2015 is now fully here. The western world has returned to work, winter is upon us and now upon the arrival of weekend which we all need for recovery, I wanted to get back to the posting routine with something special. A preview of a new distillery: The Wolfburn Distillery.
Last year was packed with news and announcements on new distilleries. Some started distilling at last (Kingsbarns Distillery, The Lakes Distillery and Ardnamurchan Distillery) or just plans were announced like Mark Reynier Waterfront Distillery in Ireland.
But some are ahead of the curve, like Wolfburn Distillery.
Located in Thurso at the top of the highlands region (only Orkney distilleries are farther north). Wolfburn distillery was brought to life because of the rising demand for whisky all over the world and because it’s located mere 300 meters from the old Wolfburn distillery which was active there in the 19th century (1821 to 1877) so drawing upon history and the ability to use the same water source (The Wolf Burn) made sense to the founders.
Shane Fraser, formerly the manager of Glenfarclas, was brought to run the distillery, and after construction that took place in 2011 and 2012, and the equipment was installed in place, they started production in January 2013, so in exactly one year (or so) we’ll see Wolfburn’s inaugural release and it’s a great time to look upon the Wolfburn history and what’s waiting for us.
I contacted Daniel Smith, Wolfburns business development manager, and queried on their whisky releases plans. He was kind enough to reply with a very detailed answer.
Wolfburn’s inaugural release will be in early 2016 and will consist purely of spirit laid down in ex-bourbon quarter casks. This spirit is maturing fantastically well (it has really come a long way in the past 21 months) and is already receiving great reviews from visiting journalists. Following the inaugural release, our “standard” expression will be made of a vatting consisting of (roughly) 40% spirit matured in ex-bourbon quarter casks, 40% spirit matured in ex-bourbon ASBs (American standard barrels), and 20% spirit matured in sherry hogsheads and/or butts.
However, we’ll only be releasing a relatively small proportion of our overall laydown – about 80% will remain behind to mature for many more years.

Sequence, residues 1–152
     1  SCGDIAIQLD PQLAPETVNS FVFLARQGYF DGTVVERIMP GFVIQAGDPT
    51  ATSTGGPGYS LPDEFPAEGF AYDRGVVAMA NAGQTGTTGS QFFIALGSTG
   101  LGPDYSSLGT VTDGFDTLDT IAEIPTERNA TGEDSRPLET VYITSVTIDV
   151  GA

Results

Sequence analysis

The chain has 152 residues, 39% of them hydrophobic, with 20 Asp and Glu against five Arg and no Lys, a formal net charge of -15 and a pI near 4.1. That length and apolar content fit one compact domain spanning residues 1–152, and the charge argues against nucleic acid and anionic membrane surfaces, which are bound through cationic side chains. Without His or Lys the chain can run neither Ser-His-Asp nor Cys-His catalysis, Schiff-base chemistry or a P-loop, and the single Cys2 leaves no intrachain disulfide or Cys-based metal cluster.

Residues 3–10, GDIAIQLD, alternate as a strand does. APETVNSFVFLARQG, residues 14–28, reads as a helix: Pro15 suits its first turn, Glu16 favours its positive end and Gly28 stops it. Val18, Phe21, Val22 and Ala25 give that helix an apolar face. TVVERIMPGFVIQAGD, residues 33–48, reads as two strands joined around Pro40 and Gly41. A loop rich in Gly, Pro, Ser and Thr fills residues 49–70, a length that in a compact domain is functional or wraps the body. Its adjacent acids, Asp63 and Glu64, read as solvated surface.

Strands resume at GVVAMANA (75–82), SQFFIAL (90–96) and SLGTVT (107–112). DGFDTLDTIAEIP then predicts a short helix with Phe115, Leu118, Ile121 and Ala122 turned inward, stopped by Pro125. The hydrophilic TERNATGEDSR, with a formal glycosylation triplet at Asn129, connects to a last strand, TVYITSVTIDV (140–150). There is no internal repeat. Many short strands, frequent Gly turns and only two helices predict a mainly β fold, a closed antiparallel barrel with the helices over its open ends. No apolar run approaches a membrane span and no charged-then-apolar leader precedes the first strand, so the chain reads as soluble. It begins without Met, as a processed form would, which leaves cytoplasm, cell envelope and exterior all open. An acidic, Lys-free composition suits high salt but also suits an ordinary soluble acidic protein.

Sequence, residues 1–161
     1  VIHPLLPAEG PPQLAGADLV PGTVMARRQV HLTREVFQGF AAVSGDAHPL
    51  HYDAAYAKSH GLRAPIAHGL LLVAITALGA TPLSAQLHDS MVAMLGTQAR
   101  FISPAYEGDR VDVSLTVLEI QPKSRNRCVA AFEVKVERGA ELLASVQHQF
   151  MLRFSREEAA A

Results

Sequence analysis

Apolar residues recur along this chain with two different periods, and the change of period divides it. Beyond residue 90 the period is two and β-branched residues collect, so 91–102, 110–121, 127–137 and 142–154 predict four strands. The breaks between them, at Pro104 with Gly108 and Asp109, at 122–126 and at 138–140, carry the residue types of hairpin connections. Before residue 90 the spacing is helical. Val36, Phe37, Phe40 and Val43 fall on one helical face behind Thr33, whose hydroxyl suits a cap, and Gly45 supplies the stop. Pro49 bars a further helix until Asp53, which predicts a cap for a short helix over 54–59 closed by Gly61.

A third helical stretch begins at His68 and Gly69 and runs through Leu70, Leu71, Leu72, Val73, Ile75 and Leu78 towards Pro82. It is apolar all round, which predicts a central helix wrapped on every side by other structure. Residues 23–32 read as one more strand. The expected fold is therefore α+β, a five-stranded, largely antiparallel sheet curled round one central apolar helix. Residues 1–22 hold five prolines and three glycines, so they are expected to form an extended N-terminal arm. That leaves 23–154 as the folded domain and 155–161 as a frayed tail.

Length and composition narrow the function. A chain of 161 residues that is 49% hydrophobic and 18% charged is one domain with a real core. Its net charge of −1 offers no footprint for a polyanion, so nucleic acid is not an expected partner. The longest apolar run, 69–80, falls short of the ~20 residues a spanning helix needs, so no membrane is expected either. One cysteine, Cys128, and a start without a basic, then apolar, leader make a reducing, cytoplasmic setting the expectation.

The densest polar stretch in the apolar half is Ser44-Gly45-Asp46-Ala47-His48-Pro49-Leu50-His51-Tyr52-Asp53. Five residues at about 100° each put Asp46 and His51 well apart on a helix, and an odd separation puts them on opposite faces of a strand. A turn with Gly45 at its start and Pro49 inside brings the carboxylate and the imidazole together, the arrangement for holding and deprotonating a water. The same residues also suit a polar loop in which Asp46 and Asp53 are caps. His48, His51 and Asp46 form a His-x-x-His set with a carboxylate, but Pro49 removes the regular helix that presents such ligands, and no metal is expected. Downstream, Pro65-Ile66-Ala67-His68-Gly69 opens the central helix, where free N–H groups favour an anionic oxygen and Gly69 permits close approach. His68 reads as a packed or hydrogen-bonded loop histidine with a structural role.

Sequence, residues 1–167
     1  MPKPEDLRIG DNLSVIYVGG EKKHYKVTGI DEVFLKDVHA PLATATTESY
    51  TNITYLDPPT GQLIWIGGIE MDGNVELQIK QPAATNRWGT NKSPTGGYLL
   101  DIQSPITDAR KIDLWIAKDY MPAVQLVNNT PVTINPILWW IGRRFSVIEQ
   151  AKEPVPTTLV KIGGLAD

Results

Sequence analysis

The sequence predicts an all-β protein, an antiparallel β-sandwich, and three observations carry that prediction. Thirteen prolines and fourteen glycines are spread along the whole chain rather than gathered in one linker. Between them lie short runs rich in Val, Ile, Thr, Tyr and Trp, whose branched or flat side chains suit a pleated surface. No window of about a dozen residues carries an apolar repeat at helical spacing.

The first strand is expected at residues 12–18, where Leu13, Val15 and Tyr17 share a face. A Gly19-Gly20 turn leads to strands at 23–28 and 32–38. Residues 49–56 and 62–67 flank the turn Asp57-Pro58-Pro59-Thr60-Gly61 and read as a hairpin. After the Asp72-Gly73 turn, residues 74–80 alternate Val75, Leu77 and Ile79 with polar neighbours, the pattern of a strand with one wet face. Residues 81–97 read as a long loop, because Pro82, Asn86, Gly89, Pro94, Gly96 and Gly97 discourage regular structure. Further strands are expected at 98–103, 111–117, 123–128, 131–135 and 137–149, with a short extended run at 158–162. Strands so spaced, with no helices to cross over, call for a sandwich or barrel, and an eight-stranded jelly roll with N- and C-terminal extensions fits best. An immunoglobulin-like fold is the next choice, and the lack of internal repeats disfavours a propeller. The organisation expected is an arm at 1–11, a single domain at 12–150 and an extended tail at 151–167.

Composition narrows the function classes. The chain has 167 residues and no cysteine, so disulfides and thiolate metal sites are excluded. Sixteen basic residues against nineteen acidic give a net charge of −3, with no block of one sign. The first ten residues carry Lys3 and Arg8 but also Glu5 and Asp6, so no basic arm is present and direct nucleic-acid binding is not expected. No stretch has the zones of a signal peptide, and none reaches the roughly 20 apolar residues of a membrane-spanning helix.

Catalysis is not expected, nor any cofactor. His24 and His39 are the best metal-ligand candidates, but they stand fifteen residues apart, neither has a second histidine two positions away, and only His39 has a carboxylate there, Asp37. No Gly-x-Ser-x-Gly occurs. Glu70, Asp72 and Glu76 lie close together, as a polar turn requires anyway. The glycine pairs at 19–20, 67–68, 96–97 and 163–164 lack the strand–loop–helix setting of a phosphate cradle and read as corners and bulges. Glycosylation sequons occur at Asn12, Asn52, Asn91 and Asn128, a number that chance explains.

Daniel was kind enough to send me a few spirits samples to check upon their progress. I was curious to see what’s their distillery profile would be. With a slow distillation process that takes 4 hours and garner high rate of copper contact, the whisky must be gentle and smooth, so let’s see what Wolfburn had planned for us.
Wolfburn newmake (69.7%)
Nose: Fruit sugar or maybe fruity and sweet? Hard to tell. Malty and lots of sweet cookie dough. It’s somewhat oily and showing spearmint-like sharpness and freshness. It got some muscles and heaviness yet still sporting an athletic body.
Palate: Sweet, sugary bites, powerful, malty & creamy, pine and spearmint.
Finish: warm, sweet and mint.
Wolfburn 20 months 2nd fill ex-bourbon (cask #16)
Nose: Smoke! Must come from the charred barrel, right? The smoke dissapear with time and on the stage is that sharpness that was felt in the newmake. Light nose with not much of the new make but also not much of the barrel, kinda like twilight zone 😉 After a minute the maltiness shows up with some vanilla/honey, and then some sweet fruits. Overall it’s fresh and bodily. With water: sweeter and fruitier on front.
Palate: Smoke at first, sweet sugar, fruitiness, more of the profile shown by the new make. With water: sweet-bitterness and also some oak, less sweet
Finish: short-medium with a dash of grapefruits bitterness but mostly lingering light sweetness and very mild oak impact.
Wolfburn 14 months ASB (American Standard Barrel) first fill (63.4%)
Nose: Young, initial sweet forest fruits and spiciness. I could swear it’s some sherry impact here but it’s the first fill that works wonders here and the sweetness is more sherried sweet than sweet fruits. Fresh and light and lovely. With water: Sweetness and spices (cloves/nutmeg), less sharpness and surprisingly opens it up so nicely that it feels way mature.
Palate: Sweet light berries, creamy malt and pastry dough, pepper and initial sprouts of nutmeg and baking spices. With water: ugh, the spirit didn’t like it as it become malty, less sweet, much more like new make, not as sweeter and it feels flatter
Finish: Sweet berries juice, lingering oak & malt. With water: malty, bit of oak, new make and less sweet.
Summary: The spirit is indeed gentle and smooth but I was a bit surprised to notice mint spiciness and the output from the first fill ASB is very promising. Exciting times are coming to the top of the highlands!
(Official spirit samples provided by Wolfburn Distillery)